New Yorkers owe at least $2.1 billion in unpaid fines to the city: Here are the areas where they have racked up the most violations

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The New York City Independent Budget Office is located in a lower Manhattan building.
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Along with failing to pay more than a billion dollars in parking and speeding tickets, New York scofflaws are also skirting the system for violations on a host of other offenses, according to the Independent Budget Office’s April 5 report.

Those violations, accrued over a six-year period, are from three primary sources including $150 million in lienable property charges and $940 million in unpaid penalties from the city’s Office of Administrative Trials and Hearings (OATH), the IBO reported.

Along with $1 billion in unpaid parking and speeding tickets, the IBO estimates the total unpaid amount from these three sources since 2017 is around $2.1 billion. 

According to the IBO report, “these three measures are by no means exhaustive, and are likely an undercount of the total amount of debt that the city is owed.” Other areas not included are sales, income, business taxes, water and sewer charges, and cash bail and bail bonds.

The other departments that accounted for 97% of total fine revenue in 2022 are the Departments of Environmental Protection, Housing Preservation and Development, Health and Mental Hygiene, and Consumer Affairs.

Here is a breakdown of the three big fine hitters for New York City, according to the most recent IBO report.

Parking & speeding, red light, and bus lane violations

As of March 10, there were more than $1 billion in unpaid fines from 2017 through 2022. 

The Department of Finance’s New York City Parking Violations Bureau successfully collected $916 million in calendar year 2022 from parking violations and camera-generated fines for speeding and running red lights. The total amount levied was $1.3 billion, with 29% going unpaid.

Parking violations and speed camera fines typically constitute more than two-thirds in unpaid fines in any given year.

“Parking violations has always been the single biggest category,” said Bernard O’Brien, senior budget analyst at the NYC Independent Budget Office. “That hasn’t changed.”

Unpaid fines for parking and speeding, red light, and bus lane violations. New York City Independent Budget Office.

Lienable property charges

Lienable property charges are billed to property owners in New York City, usually for nonpayment of emergency repair or property taxes.

When these property charges are unpaid, this can result in a lien being placed against the property. Homeowners can then experience challenges in financing or selling property, and eventually the property being seized by the city and foreclosed.

The two largest categories are liens by the Department of Housing Preservation and Development (HPD) and the Department of Finance (DOF). Most of the unpaid lienable property charges were from the HPD. HPD charges mostly come from unpaid emergency repair bills and fees from the Alternative Enforcement Program, which oversees building maintenance inspections and issues orders to correct any violations. The DOF charges are primarily from unpaid property taxes.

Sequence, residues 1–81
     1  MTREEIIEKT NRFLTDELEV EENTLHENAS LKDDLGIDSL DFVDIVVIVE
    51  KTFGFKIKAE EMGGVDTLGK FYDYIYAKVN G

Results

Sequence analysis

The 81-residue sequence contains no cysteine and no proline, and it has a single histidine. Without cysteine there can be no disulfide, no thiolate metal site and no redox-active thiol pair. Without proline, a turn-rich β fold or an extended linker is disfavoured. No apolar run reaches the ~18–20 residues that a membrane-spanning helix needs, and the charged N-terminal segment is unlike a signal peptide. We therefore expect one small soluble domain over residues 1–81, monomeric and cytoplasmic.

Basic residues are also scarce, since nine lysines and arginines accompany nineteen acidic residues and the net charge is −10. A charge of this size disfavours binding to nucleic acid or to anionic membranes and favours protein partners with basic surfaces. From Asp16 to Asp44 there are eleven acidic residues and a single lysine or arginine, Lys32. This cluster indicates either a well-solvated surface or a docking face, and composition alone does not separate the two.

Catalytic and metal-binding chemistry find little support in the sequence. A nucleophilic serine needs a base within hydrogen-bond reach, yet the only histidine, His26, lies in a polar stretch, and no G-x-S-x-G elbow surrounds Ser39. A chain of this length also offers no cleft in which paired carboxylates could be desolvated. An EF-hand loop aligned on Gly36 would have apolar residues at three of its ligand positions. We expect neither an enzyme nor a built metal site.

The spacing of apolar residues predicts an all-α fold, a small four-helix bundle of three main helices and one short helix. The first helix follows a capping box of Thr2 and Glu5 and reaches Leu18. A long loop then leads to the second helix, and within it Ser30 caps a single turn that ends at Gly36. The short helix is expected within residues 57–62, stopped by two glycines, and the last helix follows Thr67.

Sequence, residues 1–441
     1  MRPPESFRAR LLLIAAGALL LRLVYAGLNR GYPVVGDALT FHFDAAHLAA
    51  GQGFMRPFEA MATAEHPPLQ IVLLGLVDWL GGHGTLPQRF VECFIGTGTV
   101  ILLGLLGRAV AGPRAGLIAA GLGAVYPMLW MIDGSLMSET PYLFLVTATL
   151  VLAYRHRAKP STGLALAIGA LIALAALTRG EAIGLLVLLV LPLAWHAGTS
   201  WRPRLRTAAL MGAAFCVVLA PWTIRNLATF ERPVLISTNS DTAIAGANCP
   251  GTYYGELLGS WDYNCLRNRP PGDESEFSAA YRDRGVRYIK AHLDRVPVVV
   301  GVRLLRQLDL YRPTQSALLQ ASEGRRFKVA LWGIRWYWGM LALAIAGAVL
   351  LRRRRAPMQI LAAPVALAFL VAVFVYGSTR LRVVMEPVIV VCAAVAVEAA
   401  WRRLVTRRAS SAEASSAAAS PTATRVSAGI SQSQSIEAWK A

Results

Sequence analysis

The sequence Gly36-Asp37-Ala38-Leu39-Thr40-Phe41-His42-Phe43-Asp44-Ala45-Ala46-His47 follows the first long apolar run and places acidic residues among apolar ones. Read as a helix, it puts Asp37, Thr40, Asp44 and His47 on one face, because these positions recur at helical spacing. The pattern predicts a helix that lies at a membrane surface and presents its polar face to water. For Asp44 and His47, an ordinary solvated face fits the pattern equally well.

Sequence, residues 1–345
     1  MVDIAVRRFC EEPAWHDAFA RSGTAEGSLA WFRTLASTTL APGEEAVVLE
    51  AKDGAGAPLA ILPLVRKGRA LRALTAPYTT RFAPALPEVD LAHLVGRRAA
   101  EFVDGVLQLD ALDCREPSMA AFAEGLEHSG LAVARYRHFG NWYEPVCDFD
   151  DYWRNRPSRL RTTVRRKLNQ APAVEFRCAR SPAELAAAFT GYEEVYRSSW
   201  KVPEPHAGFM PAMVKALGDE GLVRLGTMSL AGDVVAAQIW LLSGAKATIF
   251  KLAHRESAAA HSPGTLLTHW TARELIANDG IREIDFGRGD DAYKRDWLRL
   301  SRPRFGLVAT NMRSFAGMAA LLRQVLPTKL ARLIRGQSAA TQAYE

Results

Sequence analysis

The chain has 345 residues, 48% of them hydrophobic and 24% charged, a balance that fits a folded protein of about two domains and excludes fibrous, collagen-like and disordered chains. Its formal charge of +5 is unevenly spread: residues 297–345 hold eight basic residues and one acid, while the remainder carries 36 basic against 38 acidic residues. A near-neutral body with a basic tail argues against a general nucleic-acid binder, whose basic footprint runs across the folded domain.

There were over $150 million in unpaid lienable property changes as of Jan. 12 incurred from 2017 through 2022, according to the report. 

While the IBO report did not include the amount the city collected in the 2022 calendar year, New York City Comptroller Brad Lander found that the city received roughly $96.3 million of real property tax liens in the 2022 fiscal year, according to Lander’s report published in October 2022.

Lienable property charges owed to the city.New York City Independent Budget Office.

OATH penalties

The Office of Administrative Trials and Hearings (OATH) is an independent administrative tribunal that issues public safety and quality of life violation notices through more than 20 city agencies.

The most common violations are uncleaned sidewalks, improper storage of receptacles, illegal posting of handbills, loose rubbish, residential recycling violations, and sidewalk obstructions, according to the IBO report.

More than $939 million in OATH penalties from 2017 through 2022 is currently owed. 

Most of those penalties were issued by the Department of Buildings, the Department of Sanitation, the Fire Department, and the State Bail Enforcement Agents — in that order.

While the IBO report did not include the amount the city collected in the 2022 calendar year, New York City Comptroller Brad Lander found that the city collected $114 million in Environmental Control Board and OATH fines in the 2022 fiscal year, according to the comptroller’s October 2022 report.

Unpaid penalties for violations adjudicated by the city’s Office of Administrative Trials and Hearings. New York City Independent Budget Office.

The IBO stressed that New Yorkers owe more than the $2.1 billion estimated in this report, but that the office “has neither examined the cost of increasing this enforcement or collection, nor what the success rate of any increases may be.”

State Comptroller Tom DiNapoli has published audits of the DOF to determine whether fines for parking violations are collected. The comptroller found in 2021 that the city’s DOF “did not maximize collection of fines and fees owed for various traffic and parking violations, and DOF has not always taken action to collect the fines and fees.”

It’s unclear whether the city has implemented more plans or processes to collect debt from lienable property charges, OATH violations, and other areas.

amNewYork Metro has reached out to the Department of Finance regarding its plan of action to increase collection of fines, and is awaiting a response.